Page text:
I am currently on maternity leave and due back to work in October. I want to know whether I can take on a part-time job while still on maternity leave? My SMP is due to finish in July.
[Information correct and relevant as of November 2017]
If you start a part-time job during your paid period of maternity leave for a new employer i.e. an employer you did not work for during the 15th week before your expected week of childbirth, you will lose your entitlement to SMP for that week and for all remaining weeks of the maternity pay period.
As you only have a couple of weeks of SMP remaining, I recommend that you start your part-time job after your entitlement to SMP runs out. You will then still be entitled to the last payment of SMP from your original employer. Bear in mind that your employer may have specific rules in their maternity policy relating to pay if you take a part-time job (although this seems unlikely).
You should therefore also check your maternity policy and contract.
With regards to taking a second job, you must remember that whilst on maternity leave you are still classed as an ‘employee’ of your original employer. Whilst your part-time job will not affect your SMP provided you start the job after your paid period of maternity leave, you may still be required to inform your employer of your new second job.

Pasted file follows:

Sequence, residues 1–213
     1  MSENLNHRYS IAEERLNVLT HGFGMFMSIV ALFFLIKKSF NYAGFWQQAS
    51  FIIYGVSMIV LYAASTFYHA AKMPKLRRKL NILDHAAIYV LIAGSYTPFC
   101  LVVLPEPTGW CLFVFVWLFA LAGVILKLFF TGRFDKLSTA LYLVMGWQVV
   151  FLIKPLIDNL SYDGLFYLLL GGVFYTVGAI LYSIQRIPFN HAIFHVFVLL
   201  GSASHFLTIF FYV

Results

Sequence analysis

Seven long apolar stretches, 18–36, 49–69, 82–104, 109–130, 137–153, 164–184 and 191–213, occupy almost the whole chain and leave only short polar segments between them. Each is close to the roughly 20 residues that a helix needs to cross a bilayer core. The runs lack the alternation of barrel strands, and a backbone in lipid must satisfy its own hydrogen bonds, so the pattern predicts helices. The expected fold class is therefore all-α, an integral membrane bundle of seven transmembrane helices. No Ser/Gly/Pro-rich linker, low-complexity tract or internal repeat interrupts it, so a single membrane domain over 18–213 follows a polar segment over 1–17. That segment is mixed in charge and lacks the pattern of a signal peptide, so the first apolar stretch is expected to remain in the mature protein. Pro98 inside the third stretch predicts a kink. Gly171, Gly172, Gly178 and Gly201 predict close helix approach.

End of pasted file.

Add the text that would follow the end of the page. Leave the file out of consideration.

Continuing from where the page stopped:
The Seasons Art Class run part time adult art classes throughout the country and are now expanding nationally through specially selected area licenses.
You should check your contract of employment to see whether second jobs are mentioned. For example, you may be required to obtain permission from your manager.
Such permission should not be unreasonably withheld, especially given the fact that you are not currently working for your employer and therefore the new job will have no effect on your ability to carry out your duties.
One alternative could be to submit a flexible working request to your original employer and see if you can return to your job on a part-time basis. This could be for a limited period (e.g. until October when you may want to go back full-time), or on a permanent basis. If your original job pays more generously than the part-time role would, this could be an option worth considering.
A flexible working request can be made in two ways – informally through discussions with your employer, or by following a formal statutory procedure. Should you require further information and advice regarding making a flexible working request, please contract Tracey Guest on 0161 975 3823.